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Colorado prepares for 1st legal US marijuana sales
Colorado prepares for 'Green Wednesday' marijuana sales as 1st legal US pot industry launches
By KRISTEN WYATT
Associated Press
2014-01-01 03:01 AM

DENVER (AP) -- Police were adding extra patrols around marijuana shops as Colorado prepared to unveil the first legal pot industry in the U.S. on Wednesday.

The state will begin recreational sales to anyone over 21, with officials around the world watching. Dozens of state and foreign countries are considering changing marijuana laws. Uruguay has already become the first nation to regulate the drug.

While smoking pot has been legal in Colorado for the past year, so-called Green Wednesday represents a milestone for the decades-old legalization movement.

"No one's ever done this before," said Robin Hackett, manager of the pot shop BotanaCare, who planned to have a DJ to greet shoppers.

Shops were planning celebrations and hiring extra security to prepare for potential crowds and overnight campers ready to buy up to an ounce (28.3 gram) of legal weed.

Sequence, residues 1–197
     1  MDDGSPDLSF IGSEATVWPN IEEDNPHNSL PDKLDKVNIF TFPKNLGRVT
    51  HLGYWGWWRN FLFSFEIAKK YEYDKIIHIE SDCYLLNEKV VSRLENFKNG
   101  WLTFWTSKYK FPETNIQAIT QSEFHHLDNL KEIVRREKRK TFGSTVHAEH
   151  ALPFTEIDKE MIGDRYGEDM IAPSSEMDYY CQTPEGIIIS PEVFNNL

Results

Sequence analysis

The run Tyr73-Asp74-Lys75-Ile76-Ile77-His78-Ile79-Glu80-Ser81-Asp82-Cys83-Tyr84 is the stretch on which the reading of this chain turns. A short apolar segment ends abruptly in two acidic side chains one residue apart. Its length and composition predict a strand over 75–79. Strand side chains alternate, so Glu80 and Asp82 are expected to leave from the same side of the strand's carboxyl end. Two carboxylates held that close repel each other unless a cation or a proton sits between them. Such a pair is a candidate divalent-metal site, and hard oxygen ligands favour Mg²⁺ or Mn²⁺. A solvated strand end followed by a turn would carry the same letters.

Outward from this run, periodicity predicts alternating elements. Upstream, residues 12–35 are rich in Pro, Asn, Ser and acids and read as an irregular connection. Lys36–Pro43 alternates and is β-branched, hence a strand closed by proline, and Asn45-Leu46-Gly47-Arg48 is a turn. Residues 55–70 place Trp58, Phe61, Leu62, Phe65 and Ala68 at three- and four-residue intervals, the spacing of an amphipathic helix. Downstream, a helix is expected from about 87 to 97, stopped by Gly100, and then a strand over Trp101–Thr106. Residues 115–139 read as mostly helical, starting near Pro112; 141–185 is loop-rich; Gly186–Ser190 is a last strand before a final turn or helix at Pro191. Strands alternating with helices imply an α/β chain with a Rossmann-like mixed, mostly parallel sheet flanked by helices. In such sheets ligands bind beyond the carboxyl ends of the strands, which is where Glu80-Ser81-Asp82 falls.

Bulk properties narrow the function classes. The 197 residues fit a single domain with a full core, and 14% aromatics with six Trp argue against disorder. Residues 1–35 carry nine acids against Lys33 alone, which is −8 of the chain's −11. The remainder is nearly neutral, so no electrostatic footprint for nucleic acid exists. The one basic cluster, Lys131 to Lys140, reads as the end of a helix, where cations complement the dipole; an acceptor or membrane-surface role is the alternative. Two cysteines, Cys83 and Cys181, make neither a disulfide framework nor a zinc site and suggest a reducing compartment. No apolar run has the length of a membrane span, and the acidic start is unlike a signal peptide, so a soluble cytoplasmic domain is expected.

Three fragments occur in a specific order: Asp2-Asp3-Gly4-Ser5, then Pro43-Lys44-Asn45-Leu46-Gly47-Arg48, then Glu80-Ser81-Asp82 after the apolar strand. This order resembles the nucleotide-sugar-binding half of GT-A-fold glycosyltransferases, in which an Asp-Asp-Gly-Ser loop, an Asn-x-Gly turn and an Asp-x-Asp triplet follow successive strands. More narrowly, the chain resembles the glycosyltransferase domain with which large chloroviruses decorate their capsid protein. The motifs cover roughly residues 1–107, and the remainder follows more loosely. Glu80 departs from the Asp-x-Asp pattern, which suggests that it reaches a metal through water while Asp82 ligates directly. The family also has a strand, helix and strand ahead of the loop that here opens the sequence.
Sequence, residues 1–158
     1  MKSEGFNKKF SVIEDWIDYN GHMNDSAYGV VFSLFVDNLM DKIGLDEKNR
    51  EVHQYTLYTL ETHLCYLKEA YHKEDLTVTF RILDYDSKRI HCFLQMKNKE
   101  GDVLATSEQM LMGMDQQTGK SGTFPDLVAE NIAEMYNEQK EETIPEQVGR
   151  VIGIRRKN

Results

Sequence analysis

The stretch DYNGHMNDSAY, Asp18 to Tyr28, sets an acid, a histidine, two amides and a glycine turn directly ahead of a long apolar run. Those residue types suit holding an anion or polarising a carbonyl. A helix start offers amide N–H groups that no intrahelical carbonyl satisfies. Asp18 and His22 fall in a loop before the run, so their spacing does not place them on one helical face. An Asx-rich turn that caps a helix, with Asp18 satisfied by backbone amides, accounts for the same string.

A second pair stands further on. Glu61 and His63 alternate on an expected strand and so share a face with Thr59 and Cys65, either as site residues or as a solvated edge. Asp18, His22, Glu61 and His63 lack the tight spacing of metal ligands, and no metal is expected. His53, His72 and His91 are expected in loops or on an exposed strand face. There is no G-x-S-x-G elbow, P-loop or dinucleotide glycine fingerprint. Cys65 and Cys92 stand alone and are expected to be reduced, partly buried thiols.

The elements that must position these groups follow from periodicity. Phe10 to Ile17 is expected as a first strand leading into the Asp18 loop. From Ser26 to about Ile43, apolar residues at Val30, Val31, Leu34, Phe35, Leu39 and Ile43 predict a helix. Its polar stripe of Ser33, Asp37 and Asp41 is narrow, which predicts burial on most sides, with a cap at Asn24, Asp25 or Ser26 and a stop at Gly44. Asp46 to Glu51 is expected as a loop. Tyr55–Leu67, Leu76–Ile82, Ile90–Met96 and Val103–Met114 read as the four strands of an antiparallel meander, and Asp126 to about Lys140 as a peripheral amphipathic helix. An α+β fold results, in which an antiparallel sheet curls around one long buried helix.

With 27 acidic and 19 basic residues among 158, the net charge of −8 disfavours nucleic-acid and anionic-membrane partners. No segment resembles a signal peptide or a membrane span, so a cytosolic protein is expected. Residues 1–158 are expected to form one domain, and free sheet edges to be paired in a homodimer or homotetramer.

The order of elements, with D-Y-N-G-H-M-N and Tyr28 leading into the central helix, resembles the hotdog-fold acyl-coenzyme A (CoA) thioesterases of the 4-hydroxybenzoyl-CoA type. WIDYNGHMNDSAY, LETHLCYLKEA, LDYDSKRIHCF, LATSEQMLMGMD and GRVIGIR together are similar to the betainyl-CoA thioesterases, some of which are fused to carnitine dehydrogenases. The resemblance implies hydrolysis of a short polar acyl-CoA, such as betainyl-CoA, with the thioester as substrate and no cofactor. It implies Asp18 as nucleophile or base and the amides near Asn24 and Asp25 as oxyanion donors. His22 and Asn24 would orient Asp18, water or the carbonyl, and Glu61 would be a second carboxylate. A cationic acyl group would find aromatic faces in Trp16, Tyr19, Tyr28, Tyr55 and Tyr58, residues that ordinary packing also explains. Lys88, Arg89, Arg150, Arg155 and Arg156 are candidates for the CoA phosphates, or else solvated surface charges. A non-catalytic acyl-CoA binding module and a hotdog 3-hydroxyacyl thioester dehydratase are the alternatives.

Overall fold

Officials at Denver International Airport installed signs warning visitors their marijuana can't legally go home with them.

Preparation for the retail market started more than a year ago, soon after Colorado voters in 2012 approved the legal pot industry. Washington state's is scheduled to open in mid-2014.

Pot advocates, who long had pushed legalization as an alternative to the lengthy and costly global drug war, had argued it would generate revenue for states and save money usually spent on locking up drug offenders.

Pot is still illegal under federal law, but the U.S. Justice Department outlined an eight-point slate of priorities for pot regulation, requiring states to keep the drug away from minors, criminal cartels, federal property and other states in order to avoid a federal crackdown.

Colorado set up an elaborate plant-tracking system to try to keep the drug away from the black market, and regulators set up packaging, labeling and testing requirements, along with potency limits for edible pot.

"We understand that Colorado is under a microscope," Jack Finlaw, lawyer to Gov. John Hickenlooper and overseer of a major task force to chart news pot laws, recently told reporters.

Critics fear the changing global marijuana approach is setting up Colorado and other places for serious public health problems.

"This movement in public policy basically conflicts with the essence of bringing greater mental health and public health," said Patrick Kennedy, a former congressman and chairman of Smart Approaches to Marijuana, which opposes legalization.

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Kristen Wyatt can be reached at http://www.twitter.com/APkristenwyatt

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